To orchestrate context-dependent signalling programmes, poxviruses encode two dual-specificity enzymes, the F10 kinase and the H1 phosphatase. These signalling mediators are essential for poxvirus production, yet their substrate profiles and systems-level functions remain enigmatic. Using a phosphoproteomic screen of cells infected with wild-type, F10 and H1 mutant vaccinia viruses, we systematically defined the viral signalling network controlled by these enzymes. Quantitative cross-comparison revealed 33 F10 and/or H1 phosphosites within 17 viral proteins. Using this proteotype dataset to inform genotype-phenotype relationships, we found that H1-deficient virions harbour a hidden hypercleavage phenotype driven by reversible phosphorylation of the virus protease I7 (S134). Quantitative phosphoproteomic profiling further revealed that the phosphorylation-dependent activity of the viral early transcription factor, A7 (Y367), underlies the transcription-deficient phenotype of H1 mutant virions. Together, these results highlight the utility of combining quantitative proteotype screens with mutant viruses to uncover proteotype-phenotype-genotype relationships that are masked by classical genetic studies.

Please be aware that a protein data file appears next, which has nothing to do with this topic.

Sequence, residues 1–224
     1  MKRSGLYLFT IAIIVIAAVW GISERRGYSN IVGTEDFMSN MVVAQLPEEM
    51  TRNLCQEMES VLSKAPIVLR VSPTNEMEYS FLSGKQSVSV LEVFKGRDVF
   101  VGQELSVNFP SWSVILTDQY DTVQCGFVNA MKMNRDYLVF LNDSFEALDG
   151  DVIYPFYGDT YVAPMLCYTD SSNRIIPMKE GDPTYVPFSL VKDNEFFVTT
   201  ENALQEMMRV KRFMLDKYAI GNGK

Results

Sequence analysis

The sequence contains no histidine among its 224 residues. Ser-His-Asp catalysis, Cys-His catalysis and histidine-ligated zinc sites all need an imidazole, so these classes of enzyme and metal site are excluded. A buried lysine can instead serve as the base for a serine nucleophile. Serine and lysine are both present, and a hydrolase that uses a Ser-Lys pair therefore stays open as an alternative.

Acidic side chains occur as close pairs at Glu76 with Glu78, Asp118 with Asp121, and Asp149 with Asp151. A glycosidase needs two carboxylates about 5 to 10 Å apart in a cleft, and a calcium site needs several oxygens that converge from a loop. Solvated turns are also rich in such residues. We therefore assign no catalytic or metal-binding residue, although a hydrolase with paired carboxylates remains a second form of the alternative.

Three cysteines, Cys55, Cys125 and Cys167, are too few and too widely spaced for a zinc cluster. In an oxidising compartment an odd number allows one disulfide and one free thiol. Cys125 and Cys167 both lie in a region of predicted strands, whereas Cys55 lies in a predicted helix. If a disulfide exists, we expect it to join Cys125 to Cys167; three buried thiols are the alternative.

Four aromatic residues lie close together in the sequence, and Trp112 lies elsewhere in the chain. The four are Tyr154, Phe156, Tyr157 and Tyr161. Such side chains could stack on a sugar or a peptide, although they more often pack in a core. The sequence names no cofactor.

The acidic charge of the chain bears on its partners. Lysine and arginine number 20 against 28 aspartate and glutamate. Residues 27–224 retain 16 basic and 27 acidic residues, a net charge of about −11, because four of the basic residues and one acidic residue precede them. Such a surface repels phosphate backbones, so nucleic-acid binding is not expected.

ASJC Scopus subject areas
- Applied Microbiology and Biotechnology
- Microbiology (medical)
- Cell Biology